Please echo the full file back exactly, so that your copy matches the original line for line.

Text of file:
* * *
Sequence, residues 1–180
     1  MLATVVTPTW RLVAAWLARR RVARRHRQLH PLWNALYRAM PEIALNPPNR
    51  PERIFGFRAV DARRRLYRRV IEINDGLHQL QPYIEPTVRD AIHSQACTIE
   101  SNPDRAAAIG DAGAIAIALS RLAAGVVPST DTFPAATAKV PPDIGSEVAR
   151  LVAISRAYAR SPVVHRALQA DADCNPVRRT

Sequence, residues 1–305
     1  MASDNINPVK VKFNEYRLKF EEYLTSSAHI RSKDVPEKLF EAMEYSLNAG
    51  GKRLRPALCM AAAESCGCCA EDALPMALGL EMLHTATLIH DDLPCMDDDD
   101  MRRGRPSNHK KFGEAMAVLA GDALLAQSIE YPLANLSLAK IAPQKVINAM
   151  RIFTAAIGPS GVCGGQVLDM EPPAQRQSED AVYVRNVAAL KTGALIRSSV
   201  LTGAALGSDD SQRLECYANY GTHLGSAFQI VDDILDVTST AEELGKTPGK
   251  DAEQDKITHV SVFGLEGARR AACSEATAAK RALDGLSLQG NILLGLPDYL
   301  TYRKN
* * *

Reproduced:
Sequence, residues 1–180
     1  MLATVVTPTW RLVAAWLARR RVARRHRQLH PLWNALYRAM PEIALNPPNR
    51  PERIFGFRAV DARRRLYRRV IEINDGLHQL QPYIEPTVRD AIHSQACTIE
   101  SNPDRAAAIG DAGAIAIALS RLAAGVVPST DTFPAATAKV PPDIGSEVAR
   151  LVAISRAYAR SPVVHRALQA DADCNPVRRT

Sequence, residues 1–305
     1  MASDNINPVK VKFNEYRLKF EEYLTSSAHI RSKDVPEKLF EAMEYSLNAG
    51  GKRLRPALCM AAAESCGCCA EDALPMALGL EMLHTATLIH DDLPCMDDDD
   101  MRRGRPSNHK KFGEAMAVLA GDALLAQSIE YPLANLSLAK IAPQKVINAM
   151  RIFTAAIGPS GVCGGQVLDM EPPAQRQSED AVYVRNVAAL KTGALIRSSV
   201  LTGAALGSDD SQRLECYANY GTHLGSAFQI VDDILDVTST AEELGKTPGK
   251  DAEQDKITHV SVFGLEGARR AACSEATAAK RALDGLSLQG NILLGLPDYL
   301  TYRKN